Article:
Editor’s Note: In the lead-up to the 2016 ALA/ ACRL election, we’re profiling the 2016 ACRL Board of Directors candidates. We’ll feature one candidate in slate order each weekday from March 3 — 14. Complete details on candidates for ACRL offices are available on the election website. Make sure to vote for the candidates of your choice starting March 15.
Mark Emmons is Associate Dean of Public Services at the University of New Mexico University Libraries & Learning Sciences in Albuquerque, New Mexico, and a 2016 candidate for the ACRL Board of Directors as Vice-President/ President-Elect.
1. Describe yourself in three words: Student. Teacher. Collaborator.
2. What are you reading right now (or listening to on your mobile device)? I am currently co-teaching a course in organizational leadership and so am rereading some of my favorite theorists in James MacGregor Burns on transformational leadership, Robert Greenleaf on servant leadership, and Peter Senge on system leadership and am beginning to delve more deeply into the ideas underlying authentic leadership.
For pleasure, I have lately found myself reading science fiction over my favorite genre of fantasy, including The Water Knife, which is the latest novel set in the near dystopian future Paolo Bacigalupi introduced in his brilliant novel The Windup Girl, Seveneves by Neal Stephenson, and The Three-Body Problem by Cixin Liu. I have also found myself disappointed in Harper Lee’s Go Set a Watchman because she took Atticus in a direction that jarred my impressions from the beloved To Kill a Mockingbird.
3. Describe ACRL in three words: Educating. Advocating. Connecting.
4. Why do you value about ACRL? ACRL is its members! We benefit individually and the profession benefits collectively because we contribute. I think ACRL works so well because we promote collaboration and fellowship, we advance careers through continuing education, we share best practices, we nurture leadership, and we advocate for academic librarianship and intellectual freedom. And we do so with the brilliant partnership of ACRL staff. The greatest value I have taken away from ACRL are the many wonderful colleagues I have met and the many valuable ideas I have taken back to my workplace.
5. What do you, as an academic librarian, contribute to your campus? I was recently named Associate Dean of Public Services in the College of University Libraries & Learning Services at the University of New Mexico. Public Services is responsible for all aspects of the library that support student and faculty learning and research. We actively engage students and faculty. We teach students how to conduct research. We provide help with student and faculty information needs. We build and provide access to collections to support research. We provide spaces that facilitate collaboration and learning and the production of knowledge. My contribution is to support the many amazing UNM library public services faculty and staff as they foster student success and partner in faculty teaching and research.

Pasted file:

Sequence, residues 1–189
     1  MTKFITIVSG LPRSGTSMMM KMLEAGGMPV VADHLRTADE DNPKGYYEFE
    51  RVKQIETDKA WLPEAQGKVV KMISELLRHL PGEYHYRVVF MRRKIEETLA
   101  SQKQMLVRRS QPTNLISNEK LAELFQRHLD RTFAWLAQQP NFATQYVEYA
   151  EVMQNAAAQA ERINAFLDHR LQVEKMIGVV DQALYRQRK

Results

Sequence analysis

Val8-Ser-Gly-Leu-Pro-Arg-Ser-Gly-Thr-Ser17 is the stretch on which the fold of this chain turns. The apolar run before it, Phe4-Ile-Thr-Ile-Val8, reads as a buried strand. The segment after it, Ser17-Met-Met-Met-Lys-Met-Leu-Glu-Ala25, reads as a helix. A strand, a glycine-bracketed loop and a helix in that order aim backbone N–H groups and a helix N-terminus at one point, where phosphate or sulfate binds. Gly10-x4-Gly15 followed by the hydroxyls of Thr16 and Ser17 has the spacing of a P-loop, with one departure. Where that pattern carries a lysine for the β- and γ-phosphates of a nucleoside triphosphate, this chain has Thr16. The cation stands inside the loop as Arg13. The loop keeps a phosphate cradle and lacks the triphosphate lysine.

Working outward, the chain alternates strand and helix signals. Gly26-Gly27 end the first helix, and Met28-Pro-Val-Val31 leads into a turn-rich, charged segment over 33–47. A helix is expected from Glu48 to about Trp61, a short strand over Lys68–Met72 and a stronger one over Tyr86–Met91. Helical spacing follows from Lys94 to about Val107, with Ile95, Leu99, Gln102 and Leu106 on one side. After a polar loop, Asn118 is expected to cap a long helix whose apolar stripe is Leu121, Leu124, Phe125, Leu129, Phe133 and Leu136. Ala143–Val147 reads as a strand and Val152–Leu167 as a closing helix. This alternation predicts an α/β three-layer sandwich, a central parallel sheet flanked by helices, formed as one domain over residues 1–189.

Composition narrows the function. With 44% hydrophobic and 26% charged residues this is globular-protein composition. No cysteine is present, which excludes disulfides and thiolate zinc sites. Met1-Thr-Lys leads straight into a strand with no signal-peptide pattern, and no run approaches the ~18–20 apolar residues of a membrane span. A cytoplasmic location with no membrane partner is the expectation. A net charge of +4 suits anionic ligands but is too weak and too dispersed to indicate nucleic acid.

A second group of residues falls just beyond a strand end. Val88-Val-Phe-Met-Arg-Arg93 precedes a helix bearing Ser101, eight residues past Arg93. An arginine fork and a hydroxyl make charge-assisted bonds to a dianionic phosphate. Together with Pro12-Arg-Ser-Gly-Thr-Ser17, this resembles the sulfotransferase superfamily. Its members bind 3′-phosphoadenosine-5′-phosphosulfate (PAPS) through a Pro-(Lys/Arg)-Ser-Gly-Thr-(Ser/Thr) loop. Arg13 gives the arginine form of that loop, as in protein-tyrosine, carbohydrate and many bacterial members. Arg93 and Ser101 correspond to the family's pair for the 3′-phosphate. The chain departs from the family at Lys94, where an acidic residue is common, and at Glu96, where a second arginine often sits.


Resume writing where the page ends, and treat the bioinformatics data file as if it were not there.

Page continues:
6. In your own words: Academic and research librarians live in a world of change and uncertainty and opportunity. When I was nominated as a candidate for ACRL vice-president/president-elect, I began speaking to ACRL colleagues about what they would like to see from ACRL and I found that their concerns echoed many of the concerns we face in my library. Librarians want to understand and adapt to changing student demographics and communication preferences, to understand the user experience, to foster knowledge creation, and to build partnerships across campus and with their community to better serve students and faculty, all while upholding the fundamental mission of connecting people with knowledge and educating students. Librarians want to recruit the best and the brightest, to weave the traditional core services with new emerging services, and to build human, social, economic, and environmental sustainability. Librarians want to learn skills in areas such as leadership and management, instructional design, digital collections, scholarly communication, assessment and data analysis, data management, data visualization, geographic information systems, and technological skills.
Librarians see ACRL as a place that can help them deal with the changes in higher education and librarianship. Specifically, librarians would like to see ACRL orient and support new members, sustain membership throughout the course of their careers, and to nurture leadership; to continue to advocate for the value of academic libraries, the library profession, and our fundamental values; and to infuse the value of diversity into everything we do. Like the librarians I interviewed, I believe that ACRL is ideally situated to help academic librarians seize opportunity out of change and uncertainty and I am interested in helping to make that possible.